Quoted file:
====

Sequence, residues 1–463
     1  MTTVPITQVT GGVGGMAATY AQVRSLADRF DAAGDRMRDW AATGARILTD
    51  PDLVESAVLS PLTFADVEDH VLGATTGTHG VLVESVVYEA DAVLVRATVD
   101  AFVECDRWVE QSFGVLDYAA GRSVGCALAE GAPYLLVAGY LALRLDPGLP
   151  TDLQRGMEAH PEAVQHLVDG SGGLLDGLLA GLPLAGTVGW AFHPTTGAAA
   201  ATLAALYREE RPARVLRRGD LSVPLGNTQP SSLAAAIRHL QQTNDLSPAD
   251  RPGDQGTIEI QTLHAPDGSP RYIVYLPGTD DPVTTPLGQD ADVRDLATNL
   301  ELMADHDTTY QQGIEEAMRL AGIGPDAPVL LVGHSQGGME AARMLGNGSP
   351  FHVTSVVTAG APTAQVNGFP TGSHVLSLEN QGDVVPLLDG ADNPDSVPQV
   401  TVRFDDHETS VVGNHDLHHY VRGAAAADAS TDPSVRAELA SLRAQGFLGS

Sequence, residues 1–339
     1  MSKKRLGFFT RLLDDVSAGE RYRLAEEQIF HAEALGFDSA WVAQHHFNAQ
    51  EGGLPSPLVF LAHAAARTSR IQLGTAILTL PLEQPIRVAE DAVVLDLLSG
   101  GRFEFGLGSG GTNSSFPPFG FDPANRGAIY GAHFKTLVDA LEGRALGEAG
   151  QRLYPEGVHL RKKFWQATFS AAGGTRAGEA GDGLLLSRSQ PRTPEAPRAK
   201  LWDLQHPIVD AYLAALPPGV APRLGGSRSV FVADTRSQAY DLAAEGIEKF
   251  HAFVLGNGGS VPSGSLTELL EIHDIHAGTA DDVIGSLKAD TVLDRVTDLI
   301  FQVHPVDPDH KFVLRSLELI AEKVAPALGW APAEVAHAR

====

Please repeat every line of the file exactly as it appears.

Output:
Sequence, residues 1–463
     1  MTTVPITQVT GGVGGMAATY AQVRSLADRF DAAGDRMRDW AATGARILTD
    51  PDLVESAVLS PLTFADVEDH VLGATTGTHG VLVESVVYEA DAVLVRATVD
   101  AFVECDRWVE QSFGVLDYAA GRSVGCALAE GAPYLLVAGY LALRLDPGLP
   151  TDLQRGMEAH PEAVQHLVDG SGGLLDGLLA GLPLAGTVGW AFHPTTGAAA
   201  ATLAALYREE RPARVLRRGD LSVPLGNTQP SSLAAAIRHL QQTNDLSPAD
   251  RPGDQGTIEI QTLHAPDGSP RYIVYLPGTD DPVTTPLGQD ADVRDLATNL
   301  ELMADHDTTY QQGIEEAMRL AGIGPDAPVL LVGHSQGGME AARMLGNGSP
   351  FHVTSVVTAG APTAQVNGFP TGSHVLSLEN QGDVVPLLDG ADNPDSVPQV
   401  TVRFDDHETS VVGNHDLHHY VRGAAAADAS TDPSVRAELA SLRAQGFLGS

Sequence, residues 1–339
     1  MSKKRLGFFT RLLDDVSAGE RYRLAEEQIF HAEALGFDSA WVAQHHFNAQ
    51  EGGLPSPLVF LAHAAARTSR IQLGTAILTL PLEQPIRVAE DAVVLDLLSG
   101  GRFEFGLGSG GTNSSFPPFG FDPANRGAIY GAHFKTLVDA LEGRALGEAG
   151  QRLYPEGVHL RKKFWQATFS AAGGTRAGEA GDGLLLSRSQ PRTPEAPRAK
   201  LWDLQHPIVD AYLAALPPGV APRLGGSRSV FVADTRSQAY DLAAEGIEKF
   251  HAFVLGNGGS VPSGSLTELL EIHDIHAGTA DDVIGSLKAD TVLDRVTDLI
   301  FQVHPVDPDH KFVLRSLELI AEKVAPALGW APAEVAHAR